5 Art Movements To Inspire Your Creativity This Weekend!
The artists here at Brush and Bubbles find inspiration in countless places - food, nature, far away adventures - life is full of creative energy just waiting to be released. Throughout history, artists have been at the centre of society, driving innovation and creation by experimenting with colours, mediums, techniques and subject matter.
Following their passions, artists have defined and illustrated moments in time, which can be seen through major art movements. We’ve curated a list of 5 art movements, you should know to keep you inspired today!
The Renaissance (1300 - 1700)
Renaissance, a french word for “rebirth,” is a term used for periods that note the era of Classical antiquity, transitioning culture from the Middle Ages into the modern age. Throughout the 14th, 15th and 16th centuries, painting, sculpture, architecture, music and literature created throughout Europe, emphasized a growing interest in nature, humanistic learning, and individualism, aligning with social and economic changes of the time such as the secularization of daily life, the rise of a rational money-credit economy, and greatly increased social mobility.
Image of Sandro Botticelli, The Birth of Venus, 1486 via Artsy
Impressionism (1860 - …)
Impressionism was a radical art movement that began in the late 1800s, centered primarily around Parisian painters. Rebelling against classical subject matter, the Impressionists explored modern advancements in technology like synthetic paint and desired to create artworks that reflected the world around them. The movement was anti-academic in its formal aspects and utilised the practice of en plein air painting to show how light could define a moment in time, with colour providing definition rather than black lines used in the past.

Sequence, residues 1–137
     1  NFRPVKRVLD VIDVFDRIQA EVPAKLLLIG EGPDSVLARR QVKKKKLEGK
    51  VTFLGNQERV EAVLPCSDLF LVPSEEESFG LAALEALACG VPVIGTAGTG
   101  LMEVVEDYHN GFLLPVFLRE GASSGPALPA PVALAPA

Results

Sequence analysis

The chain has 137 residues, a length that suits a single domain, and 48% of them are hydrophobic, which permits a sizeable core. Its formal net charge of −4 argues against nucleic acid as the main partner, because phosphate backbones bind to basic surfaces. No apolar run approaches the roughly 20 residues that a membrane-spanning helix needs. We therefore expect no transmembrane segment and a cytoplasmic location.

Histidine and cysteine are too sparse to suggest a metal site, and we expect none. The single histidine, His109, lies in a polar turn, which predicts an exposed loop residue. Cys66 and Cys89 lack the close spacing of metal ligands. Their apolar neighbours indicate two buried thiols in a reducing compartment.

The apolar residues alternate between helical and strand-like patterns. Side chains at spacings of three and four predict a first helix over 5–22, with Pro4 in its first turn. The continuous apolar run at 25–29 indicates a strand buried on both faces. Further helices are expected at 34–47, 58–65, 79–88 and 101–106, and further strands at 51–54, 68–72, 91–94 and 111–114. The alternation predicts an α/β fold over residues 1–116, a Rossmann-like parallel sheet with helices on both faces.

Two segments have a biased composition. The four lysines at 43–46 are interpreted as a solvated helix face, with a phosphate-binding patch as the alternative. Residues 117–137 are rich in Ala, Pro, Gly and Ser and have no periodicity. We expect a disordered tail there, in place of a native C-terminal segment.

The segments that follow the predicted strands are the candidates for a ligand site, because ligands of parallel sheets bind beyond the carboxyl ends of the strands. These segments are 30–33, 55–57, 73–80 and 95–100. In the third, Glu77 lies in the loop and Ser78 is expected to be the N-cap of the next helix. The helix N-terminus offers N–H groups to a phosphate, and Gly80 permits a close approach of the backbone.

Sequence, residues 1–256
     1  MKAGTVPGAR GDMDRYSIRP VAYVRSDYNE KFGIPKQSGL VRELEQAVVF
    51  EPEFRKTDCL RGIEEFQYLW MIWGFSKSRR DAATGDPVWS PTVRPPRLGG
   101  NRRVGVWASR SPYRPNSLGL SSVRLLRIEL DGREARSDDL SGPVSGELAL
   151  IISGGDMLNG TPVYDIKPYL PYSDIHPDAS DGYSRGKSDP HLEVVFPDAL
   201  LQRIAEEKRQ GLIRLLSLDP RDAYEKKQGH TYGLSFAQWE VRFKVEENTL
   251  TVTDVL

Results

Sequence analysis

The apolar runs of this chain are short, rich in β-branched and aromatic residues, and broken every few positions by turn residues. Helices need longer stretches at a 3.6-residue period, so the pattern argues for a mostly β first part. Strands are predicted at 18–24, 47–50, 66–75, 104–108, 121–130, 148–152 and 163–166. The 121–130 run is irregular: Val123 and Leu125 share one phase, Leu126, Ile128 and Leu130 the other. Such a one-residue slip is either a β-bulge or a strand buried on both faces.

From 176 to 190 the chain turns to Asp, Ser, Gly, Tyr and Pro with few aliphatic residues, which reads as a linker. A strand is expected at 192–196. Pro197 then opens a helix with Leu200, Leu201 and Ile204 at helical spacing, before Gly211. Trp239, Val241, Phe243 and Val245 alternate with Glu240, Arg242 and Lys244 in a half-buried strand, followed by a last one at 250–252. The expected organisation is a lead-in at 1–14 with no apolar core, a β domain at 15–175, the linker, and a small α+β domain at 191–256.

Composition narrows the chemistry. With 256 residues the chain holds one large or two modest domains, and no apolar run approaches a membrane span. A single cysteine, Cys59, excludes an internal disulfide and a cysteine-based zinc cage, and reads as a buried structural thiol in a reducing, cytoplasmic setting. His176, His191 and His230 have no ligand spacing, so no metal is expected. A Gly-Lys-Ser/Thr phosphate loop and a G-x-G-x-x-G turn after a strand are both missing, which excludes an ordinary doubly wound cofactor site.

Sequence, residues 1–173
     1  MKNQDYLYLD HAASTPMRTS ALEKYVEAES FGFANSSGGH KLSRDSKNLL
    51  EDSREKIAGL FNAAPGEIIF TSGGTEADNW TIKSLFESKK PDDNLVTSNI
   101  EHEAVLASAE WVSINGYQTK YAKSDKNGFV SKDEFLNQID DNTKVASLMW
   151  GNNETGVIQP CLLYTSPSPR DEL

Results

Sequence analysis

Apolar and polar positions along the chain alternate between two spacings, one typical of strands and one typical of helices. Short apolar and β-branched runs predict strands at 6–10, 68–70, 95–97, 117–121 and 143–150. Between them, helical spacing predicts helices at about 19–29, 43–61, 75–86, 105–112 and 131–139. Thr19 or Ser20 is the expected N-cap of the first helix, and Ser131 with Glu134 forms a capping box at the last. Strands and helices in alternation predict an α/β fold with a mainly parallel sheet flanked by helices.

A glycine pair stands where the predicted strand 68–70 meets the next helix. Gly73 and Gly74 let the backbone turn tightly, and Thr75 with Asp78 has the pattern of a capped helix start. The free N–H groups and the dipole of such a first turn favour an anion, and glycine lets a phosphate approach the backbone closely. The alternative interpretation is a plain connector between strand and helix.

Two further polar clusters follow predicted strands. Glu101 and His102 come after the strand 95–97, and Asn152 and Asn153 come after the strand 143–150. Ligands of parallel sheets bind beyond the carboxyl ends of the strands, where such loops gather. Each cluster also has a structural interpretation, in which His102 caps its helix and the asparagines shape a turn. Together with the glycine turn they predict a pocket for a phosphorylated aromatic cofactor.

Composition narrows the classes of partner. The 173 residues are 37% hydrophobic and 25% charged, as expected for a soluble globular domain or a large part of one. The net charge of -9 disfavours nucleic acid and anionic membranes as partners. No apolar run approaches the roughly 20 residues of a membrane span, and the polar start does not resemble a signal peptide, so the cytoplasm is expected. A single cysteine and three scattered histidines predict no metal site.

Image of Claude Monet, Impression, Sunrise, 1872 via ARTnews
Surrealism (1920 - ...)
Surrealism was an intellectual art movement that took the world by storm. Revolutionary in its nature, surrealism rejected a rational vision of life in favour of one that asserted the value of the unconscious and dreams. In tandem with the psychoanalytical discoveries of Freud and the political ideology of Marxism of the time, Surrealist theory was born as a manifesto in 1924 by poets and artists, guided by Andre Breton, who found beauty in the unexpected, disregarded, and unconventional.
Image of Salvador Dalí, The Persistence of Memory, 1931 via Artsy
Pop Art (1950 - …)
One of the more famous art movements, Pop Art emerged in the United Kingdom and the United States during the 1950s, drawing inspiration from sources in popular and commercial culture.The movement presented a challenge to traditions of fine art by including imagery from advertising, comic books and mundane mass-produced objects.
Image of Andy Warhol, Elvis I and II, 1978 via Artsy
Contemporary Art (1980 -…)
Contemporary art is a movement of the art of today, emerging in the late 20th century, with an aesthetic of an innovatory or avant-garde nature. Working in a globally influenced, culturally diverse, and technologically advancing world, contemporary artists use a dynamic combination of materials, methods, concepts, and subjects. Contemporary art is part of a cultural dialogue, defined by the lack of uniform or organisation, that concerns larger contextual frameworks such as personal and cultural identity, family, community, and nationality.
Image of Yayoi Kusama with PUMPKIN, 2010 via Vogue.fr